Date of Birth : Mar 9th 1940
Puerto Rican actor whose career included dramatic, comic, and musical roles in theater, film, and television. Juliá discovered acting early in his academic career, beginning with a role in first grade. “From then on, that was it,” he told Cigar Aficionado magazine in 1993. “I knew there was something special about the theater for me, something beyond the regular reality, something that I could get into and transcend and become something other than myself.” He was deeply involved in drama and art clubs in his high school years, and even played the role of Rodrigo in Othello at a local drama production. For a while he was also a game show host and teen program host on Puerto Rican television.
Upon graduation from college, Juliá was faced with a difficult choice between his parents’ wishes and his own. They wanted him to remain in Puerto Rico and continue on to law school. They also pointed out that his uncles were the owners of a mental hospital, and that he could have guaranteed success as a doctor. He, however, wanted to pursue an acting career. Finally, like so many Puerto Ricans and aspiring actors, he left for New York City in 1964. He asked his parents only to finance the tuition fees of any acting classes he might take, while he would support himself through various odd jobs, including selling fountain pens and serving as a telemarketer. Juliá began studying drama with Wynn Handman. He soon found work in off-Broadway theater and at open air performances in New York’s Central Park.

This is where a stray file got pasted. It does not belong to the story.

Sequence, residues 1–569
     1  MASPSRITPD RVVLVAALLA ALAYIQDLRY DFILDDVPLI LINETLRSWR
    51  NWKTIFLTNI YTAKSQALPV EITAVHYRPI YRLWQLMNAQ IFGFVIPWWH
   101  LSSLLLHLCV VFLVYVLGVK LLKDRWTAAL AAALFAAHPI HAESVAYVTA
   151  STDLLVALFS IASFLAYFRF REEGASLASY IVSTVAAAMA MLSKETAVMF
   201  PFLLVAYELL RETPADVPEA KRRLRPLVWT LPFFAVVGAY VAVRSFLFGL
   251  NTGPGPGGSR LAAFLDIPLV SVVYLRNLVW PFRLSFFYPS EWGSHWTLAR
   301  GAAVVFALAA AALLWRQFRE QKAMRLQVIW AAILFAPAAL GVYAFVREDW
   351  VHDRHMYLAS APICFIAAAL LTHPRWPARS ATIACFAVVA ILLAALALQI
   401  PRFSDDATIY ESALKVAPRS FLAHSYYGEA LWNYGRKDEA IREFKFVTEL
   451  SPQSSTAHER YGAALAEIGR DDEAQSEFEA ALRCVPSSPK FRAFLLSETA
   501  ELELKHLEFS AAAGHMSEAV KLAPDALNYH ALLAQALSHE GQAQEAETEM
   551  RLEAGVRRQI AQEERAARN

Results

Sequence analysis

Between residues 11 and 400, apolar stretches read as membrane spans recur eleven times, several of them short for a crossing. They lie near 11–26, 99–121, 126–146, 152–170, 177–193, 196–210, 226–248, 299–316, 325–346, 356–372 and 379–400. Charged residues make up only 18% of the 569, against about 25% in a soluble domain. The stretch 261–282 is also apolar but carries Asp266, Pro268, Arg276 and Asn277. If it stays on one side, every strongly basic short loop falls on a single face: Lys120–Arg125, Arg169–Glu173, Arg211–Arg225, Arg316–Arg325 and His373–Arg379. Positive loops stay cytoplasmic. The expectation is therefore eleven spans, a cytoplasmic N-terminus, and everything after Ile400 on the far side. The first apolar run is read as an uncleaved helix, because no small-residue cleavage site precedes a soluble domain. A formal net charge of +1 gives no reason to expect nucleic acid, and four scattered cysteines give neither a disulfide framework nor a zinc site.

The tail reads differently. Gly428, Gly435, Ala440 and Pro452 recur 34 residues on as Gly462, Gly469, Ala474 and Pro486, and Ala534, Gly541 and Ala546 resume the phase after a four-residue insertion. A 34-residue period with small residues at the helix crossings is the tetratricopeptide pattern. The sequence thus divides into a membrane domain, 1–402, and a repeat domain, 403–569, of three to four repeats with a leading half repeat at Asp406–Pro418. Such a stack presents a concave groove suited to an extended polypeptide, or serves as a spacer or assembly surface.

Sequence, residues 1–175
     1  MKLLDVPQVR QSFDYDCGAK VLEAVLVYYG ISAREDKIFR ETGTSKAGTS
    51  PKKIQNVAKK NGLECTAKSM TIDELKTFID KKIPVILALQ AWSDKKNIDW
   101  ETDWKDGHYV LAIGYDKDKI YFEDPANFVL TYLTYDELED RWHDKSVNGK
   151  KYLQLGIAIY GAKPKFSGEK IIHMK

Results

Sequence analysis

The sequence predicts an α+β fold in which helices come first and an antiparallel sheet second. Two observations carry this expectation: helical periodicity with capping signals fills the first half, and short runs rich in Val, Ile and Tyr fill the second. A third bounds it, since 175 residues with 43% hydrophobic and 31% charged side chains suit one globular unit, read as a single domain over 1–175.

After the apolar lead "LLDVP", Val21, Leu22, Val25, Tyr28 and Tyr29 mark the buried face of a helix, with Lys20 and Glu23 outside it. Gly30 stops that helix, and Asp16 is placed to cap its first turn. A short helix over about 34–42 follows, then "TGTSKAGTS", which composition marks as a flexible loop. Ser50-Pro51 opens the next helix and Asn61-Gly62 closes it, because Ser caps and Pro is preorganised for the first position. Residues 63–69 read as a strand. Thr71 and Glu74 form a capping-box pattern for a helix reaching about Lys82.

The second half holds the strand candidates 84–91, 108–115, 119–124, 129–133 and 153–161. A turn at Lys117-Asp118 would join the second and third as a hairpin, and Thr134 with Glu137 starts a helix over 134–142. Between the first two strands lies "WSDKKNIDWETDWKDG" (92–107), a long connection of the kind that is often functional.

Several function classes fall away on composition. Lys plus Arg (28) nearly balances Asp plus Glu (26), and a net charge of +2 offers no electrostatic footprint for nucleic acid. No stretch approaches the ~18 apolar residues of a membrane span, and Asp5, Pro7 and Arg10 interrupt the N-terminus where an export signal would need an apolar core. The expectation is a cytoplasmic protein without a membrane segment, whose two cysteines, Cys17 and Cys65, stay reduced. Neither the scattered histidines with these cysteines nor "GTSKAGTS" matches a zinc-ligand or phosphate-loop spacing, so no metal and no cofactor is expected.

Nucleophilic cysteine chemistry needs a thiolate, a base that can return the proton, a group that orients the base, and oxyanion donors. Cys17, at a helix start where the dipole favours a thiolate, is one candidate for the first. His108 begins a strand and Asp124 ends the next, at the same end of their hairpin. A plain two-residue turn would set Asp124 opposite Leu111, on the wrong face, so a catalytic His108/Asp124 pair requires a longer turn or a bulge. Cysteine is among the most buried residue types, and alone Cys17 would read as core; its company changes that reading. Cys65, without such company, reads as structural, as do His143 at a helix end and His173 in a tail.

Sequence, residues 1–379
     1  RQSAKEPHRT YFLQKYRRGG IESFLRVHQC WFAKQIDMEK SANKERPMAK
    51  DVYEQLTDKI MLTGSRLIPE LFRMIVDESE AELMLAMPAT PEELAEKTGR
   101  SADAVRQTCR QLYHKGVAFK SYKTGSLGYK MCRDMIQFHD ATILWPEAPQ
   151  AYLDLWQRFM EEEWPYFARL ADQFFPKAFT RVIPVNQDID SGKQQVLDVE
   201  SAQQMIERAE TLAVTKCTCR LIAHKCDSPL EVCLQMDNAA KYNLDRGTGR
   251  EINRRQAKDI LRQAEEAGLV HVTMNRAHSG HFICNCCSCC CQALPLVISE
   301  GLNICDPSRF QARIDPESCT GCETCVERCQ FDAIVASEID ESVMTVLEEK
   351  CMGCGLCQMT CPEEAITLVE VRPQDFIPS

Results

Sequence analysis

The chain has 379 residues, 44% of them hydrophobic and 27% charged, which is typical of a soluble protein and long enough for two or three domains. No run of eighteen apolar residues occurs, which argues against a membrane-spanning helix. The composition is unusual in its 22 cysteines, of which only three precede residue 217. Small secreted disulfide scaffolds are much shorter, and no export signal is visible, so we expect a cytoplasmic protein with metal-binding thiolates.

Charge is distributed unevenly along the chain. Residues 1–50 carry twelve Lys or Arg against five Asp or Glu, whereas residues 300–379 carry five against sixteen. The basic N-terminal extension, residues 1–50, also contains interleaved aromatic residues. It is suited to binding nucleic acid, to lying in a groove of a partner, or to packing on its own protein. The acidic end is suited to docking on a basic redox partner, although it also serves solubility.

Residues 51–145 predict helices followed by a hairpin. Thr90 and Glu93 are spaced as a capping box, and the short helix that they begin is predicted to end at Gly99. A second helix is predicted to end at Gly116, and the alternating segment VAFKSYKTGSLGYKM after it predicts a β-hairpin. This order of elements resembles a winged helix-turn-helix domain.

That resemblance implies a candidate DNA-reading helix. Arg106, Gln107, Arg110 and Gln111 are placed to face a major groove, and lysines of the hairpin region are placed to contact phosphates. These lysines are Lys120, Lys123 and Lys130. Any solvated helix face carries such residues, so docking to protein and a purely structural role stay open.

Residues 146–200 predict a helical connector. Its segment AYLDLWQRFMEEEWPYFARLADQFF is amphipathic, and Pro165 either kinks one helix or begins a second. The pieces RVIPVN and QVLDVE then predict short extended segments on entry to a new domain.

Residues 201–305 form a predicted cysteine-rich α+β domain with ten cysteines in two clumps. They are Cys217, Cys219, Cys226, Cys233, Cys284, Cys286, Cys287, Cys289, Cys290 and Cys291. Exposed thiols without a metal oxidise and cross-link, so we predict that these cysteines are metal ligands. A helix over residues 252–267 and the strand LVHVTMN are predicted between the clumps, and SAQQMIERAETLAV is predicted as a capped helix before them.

In 1966, Juliá began working with theater impresario Joseph Papp and the New York Shakespeare Festival. He credited his recently-developed sales skills and sheer persistence with convincing Papp—after several tries—of allowing him to do Shakespearean roles, which he considered the epitome of acting roles. His Shakespearean roles included Edmund in King Lear in 1973, Petruchio in The Taming of the Shrew opposite Meryl Streep and the title role of Othello in 1979. Juliá went on to enjoy great success on the musical stage, receiving four Tony Award nominations for his roles in Two Gentlemen of Verona (1972, for which he also won the 1972 Drama Desk Award for Outstanding Performance), Where’s Charley? (1975), as Mack the Knife in The Threepenny Opera (1976), and in the Fellini-inspired Nine (1982). He appeared in over a dozen Broadway productions, including the legendary 1973 flop musical Via Galactica. During this time he also starred from 1977 to 1980 in the title role of the critically acclaimed stage revival of Dracula and as Major Sergius Saranoff opposite Kevin Kline and Glenne Headly in the 1985 revival of Arms and the Man. The stage successes led to his formal film debut in The Organization (1971), in which he starred opposite Sidney Poitier (he had played bit parts in two previous films, Stiletto and The Panic in Needle Park). In the early 1980s, Juliá was invited to join Francis Ford Coppola’s Zoetrope Studios company and appeared in One from the Heart (1982).